Third sign: The Director General of the Québec election has deemed that the red square is a political sign.

Yup, a patch of red felt is a political sign.

Here’s some things that aren’t political signs: Nike shirts, NHL team ball caps, hemp pants, expensive jewelry…

Clothing can make all sorts of political statements. Buttons can too. Short of partisan political material at the polling booth, however, this limit to freedom of expression is another example of how fragile democracy is. The carré rouge is a political symbol but it doesn’t belong to or signify the support of any political party. Just like many people who wear shirts that say Québec Libre with a Québec flag on them may vote PQ (or ON, or QS or CAQ…whoever), people wearing a carré rouge may be more likely to vote for a particular party (or, more accurately, most unlikely to vote Liberal). But demographically speaking, certain kinds of people may also vote for someone based on their age, their language, their sex.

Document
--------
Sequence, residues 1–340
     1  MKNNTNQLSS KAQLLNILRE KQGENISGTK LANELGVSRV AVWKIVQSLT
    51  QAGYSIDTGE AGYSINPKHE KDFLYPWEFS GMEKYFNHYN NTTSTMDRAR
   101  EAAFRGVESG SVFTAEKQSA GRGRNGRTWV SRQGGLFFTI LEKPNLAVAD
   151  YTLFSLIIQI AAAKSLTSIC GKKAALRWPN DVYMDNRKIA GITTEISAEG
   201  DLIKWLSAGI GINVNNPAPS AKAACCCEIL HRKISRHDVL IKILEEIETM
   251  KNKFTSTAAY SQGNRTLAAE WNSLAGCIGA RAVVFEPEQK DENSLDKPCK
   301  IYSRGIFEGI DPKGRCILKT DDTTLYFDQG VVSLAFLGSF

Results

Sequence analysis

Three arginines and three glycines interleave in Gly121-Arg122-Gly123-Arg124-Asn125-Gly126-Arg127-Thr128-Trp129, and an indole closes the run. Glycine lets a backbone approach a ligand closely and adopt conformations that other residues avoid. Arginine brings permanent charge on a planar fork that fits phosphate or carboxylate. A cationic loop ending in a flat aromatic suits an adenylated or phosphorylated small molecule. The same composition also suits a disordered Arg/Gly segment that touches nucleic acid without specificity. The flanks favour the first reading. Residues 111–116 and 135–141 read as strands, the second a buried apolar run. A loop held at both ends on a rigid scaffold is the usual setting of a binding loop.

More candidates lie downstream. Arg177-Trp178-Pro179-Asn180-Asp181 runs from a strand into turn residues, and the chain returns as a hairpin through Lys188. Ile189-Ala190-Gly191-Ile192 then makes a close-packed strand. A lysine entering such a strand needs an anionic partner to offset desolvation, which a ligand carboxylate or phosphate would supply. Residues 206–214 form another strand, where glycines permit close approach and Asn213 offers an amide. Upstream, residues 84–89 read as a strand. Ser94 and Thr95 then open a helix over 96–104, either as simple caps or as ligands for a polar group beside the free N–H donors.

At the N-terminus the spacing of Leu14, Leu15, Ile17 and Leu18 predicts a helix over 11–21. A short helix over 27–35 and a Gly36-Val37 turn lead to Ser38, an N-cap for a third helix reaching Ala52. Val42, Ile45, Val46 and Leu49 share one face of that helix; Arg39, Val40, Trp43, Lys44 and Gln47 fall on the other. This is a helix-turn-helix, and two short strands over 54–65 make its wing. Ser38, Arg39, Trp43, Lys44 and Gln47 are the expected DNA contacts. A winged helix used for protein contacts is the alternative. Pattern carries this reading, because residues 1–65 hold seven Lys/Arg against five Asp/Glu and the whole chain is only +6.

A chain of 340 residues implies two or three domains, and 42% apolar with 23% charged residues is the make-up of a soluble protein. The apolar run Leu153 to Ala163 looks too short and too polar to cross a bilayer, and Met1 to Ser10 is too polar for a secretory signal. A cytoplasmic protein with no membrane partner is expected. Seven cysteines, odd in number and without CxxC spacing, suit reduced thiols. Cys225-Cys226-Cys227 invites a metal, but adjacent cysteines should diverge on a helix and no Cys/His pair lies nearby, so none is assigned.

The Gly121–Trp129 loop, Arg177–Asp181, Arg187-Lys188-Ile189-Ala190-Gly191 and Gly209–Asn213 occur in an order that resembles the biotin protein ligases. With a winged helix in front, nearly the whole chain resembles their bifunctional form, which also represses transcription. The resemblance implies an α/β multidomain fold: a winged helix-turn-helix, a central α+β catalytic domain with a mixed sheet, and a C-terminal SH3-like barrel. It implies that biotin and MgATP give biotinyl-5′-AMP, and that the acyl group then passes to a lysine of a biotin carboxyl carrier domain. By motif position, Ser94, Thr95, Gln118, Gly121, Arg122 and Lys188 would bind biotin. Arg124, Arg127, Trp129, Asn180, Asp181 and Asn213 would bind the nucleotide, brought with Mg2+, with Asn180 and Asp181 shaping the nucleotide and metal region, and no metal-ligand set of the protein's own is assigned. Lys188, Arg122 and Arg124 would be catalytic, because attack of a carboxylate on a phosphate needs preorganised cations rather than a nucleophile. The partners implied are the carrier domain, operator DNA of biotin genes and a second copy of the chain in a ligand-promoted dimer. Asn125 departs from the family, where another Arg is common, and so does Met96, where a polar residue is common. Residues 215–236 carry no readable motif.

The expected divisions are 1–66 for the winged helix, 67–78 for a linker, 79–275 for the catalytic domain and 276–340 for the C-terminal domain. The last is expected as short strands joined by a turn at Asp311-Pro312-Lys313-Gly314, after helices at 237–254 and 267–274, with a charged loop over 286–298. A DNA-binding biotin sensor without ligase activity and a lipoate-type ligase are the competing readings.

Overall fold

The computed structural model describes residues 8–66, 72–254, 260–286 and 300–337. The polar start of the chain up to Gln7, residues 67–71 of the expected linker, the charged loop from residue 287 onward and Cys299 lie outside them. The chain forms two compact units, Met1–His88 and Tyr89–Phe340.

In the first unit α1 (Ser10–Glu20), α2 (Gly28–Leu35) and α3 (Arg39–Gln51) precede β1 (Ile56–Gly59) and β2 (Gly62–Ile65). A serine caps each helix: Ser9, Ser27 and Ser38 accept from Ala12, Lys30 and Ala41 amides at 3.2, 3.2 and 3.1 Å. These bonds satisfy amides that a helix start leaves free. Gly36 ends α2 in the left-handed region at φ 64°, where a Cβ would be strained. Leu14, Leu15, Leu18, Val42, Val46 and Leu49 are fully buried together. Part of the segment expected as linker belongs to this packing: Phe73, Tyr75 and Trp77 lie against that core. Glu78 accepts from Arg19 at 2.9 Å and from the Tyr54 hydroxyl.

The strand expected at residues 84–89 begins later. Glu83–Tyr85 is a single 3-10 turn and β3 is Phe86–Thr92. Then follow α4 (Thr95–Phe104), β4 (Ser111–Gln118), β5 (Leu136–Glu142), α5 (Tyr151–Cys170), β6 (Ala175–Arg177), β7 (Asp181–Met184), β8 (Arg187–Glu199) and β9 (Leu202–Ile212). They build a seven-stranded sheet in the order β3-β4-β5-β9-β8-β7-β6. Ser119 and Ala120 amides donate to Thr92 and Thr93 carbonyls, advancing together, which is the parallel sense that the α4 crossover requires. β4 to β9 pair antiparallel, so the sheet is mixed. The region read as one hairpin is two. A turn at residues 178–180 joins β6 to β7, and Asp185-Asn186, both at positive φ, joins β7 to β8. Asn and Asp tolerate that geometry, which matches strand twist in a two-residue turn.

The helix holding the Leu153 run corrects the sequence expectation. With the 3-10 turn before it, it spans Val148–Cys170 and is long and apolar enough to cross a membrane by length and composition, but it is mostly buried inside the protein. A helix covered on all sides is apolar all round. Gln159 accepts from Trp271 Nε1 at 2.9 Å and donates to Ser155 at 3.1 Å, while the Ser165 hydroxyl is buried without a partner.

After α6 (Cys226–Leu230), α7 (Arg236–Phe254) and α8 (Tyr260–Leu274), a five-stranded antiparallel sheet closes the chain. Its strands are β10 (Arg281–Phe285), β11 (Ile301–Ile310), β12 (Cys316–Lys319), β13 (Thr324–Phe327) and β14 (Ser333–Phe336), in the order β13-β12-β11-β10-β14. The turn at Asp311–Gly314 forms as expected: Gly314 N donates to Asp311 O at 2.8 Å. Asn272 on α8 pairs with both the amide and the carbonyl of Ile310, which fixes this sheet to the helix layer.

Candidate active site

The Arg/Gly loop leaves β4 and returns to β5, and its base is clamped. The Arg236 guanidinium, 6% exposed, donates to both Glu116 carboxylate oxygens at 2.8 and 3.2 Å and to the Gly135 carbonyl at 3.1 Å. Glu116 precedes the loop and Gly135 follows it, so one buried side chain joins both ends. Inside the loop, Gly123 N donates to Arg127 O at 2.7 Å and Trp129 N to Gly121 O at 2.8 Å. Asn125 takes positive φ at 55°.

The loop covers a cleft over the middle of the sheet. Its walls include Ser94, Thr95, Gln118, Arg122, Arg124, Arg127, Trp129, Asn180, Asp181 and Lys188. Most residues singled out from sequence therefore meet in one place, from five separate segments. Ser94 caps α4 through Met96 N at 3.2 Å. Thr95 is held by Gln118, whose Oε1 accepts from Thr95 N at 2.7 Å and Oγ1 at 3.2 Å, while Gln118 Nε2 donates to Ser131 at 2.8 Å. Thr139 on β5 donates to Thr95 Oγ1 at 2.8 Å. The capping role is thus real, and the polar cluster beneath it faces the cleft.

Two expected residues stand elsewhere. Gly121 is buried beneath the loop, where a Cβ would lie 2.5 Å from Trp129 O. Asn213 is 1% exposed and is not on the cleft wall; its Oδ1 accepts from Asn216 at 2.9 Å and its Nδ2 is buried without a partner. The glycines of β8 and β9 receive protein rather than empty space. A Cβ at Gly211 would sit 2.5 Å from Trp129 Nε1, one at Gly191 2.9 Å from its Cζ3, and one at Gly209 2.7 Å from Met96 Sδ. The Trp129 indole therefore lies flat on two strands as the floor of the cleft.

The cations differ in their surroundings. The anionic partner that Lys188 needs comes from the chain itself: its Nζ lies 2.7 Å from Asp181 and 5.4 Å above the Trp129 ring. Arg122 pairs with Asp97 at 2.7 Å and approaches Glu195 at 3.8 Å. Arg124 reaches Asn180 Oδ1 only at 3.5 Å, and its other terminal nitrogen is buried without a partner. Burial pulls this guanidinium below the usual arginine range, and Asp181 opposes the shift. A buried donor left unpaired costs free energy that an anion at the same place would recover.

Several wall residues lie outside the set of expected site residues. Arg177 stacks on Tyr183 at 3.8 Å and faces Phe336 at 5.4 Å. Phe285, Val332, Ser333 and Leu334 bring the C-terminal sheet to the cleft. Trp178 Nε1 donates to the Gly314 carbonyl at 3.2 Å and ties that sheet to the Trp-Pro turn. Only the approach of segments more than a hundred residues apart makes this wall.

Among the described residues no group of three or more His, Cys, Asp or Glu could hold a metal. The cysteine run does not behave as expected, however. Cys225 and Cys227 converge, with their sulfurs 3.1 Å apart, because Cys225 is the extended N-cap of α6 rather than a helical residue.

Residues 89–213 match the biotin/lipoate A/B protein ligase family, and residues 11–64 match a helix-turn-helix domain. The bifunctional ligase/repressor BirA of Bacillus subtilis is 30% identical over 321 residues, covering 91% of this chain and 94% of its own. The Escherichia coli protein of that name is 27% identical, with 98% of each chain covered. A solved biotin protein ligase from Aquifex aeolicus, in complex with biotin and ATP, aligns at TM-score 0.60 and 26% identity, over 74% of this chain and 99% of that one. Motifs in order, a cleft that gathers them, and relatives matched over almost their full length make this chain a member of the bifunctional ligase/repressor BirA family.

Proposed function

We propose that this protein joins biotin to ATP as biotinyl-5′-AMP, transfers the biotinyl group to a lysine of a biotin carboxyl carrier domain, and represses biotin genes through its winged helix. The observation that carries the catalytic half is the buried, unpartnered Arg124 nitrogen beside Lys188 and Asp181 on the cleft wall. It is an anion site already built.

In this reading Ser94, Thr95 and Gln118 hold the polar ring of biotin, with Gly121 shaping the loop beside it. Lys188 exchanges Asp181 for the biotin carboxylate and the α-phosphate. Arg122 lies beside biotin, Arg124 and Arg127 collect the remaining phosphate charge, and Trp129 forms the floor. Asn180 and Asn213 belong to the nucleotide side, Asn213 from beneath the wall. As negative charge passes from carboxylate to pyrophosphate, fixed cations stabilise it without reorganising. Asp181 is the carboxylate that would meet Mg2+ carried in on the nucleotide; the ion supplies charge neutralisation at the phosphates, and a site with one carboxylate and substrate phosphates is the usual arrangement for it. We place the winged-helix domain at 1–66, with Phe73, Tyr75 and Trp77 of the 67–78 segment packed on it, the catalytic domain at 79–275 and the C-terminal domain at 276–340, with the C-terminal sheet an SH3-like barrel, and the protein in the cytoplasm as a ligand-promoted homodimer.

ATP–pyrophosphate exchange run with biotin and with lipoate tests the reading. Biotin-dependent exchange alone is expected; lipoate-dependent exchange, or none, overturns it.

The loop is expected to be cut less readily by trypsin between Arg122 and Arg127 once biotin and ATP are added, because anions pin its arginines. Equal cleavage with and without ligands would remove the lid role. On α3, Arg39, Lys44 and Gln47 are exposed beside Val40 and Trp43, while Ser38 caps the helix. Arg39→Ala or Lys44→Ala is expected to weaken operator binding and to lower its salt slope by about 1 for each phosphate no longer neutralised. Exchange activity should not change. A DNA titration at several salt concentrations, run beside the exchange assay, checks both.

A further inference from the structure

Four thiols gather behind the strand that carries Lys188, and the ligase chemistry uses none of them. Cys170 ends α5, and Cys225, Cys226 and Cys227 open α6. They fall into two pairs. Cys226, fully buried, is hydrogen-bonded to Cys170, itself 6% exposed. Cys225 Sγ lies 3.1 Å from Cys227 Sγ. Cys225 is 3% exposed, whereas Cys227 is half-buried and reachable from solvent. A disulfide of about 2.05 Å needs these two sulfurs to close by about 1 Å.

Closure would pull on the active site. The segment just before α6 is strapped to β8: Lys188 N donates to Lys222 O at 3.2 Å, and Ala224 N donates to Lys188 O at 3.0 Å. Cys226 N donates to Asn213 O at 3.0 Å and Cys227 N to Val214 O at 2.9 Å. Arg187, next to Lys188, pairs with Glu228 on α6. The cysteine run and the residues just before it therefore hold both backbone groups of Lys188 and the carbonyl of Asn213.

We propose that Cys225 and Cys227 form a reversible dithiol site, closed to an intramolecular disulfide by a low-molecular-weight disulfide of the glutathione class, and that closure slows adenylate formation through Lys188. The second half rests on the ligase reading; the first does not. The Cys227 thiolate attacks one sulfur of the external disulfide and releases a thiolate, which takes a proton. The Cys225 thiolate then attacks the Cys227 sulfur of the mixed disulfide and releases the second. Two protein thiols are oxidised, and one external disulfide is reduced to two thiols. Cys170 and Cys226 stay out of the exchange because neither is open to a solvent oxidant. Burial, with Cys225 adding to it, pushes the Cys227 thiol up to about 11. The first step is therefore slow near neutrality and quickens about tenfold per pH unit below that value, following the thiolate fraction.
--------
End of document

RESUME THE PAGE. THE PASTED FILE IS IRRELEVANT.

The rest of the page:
Why signal out young people, the folks who are wearing the carré rouge the most?

People’s electoral convictions must be strong for a democracy to work. The DGE’s attempt to argue that the carré rouge is a partisan symbol is targeting youth who have been politicized through the Printemps Érables and who are exercising their democratic right (many for the first time). What’s worse is that poll clerks are vested with this authority and, on today’s first day of advanced polls, have been reported as barring electors from entering the voting area if they’re wearing a carré rouge.

Yes, democracy is fragile. It’s fragile everywhere but obviously so in Québec.

I didn’t get to write about things like this during the Ontario election, but it’s not because it was a great election. In some ways, Québec is a reminder of what an election looks like when the parties actually stand for something different. HST off [fill in the blank] seems like a ridiculous common chorus from where I sit today.

But with the province on fire politically, it’s the citizens’ responsibility to ensure that democracy is protected.

Even if we’d fail the French test.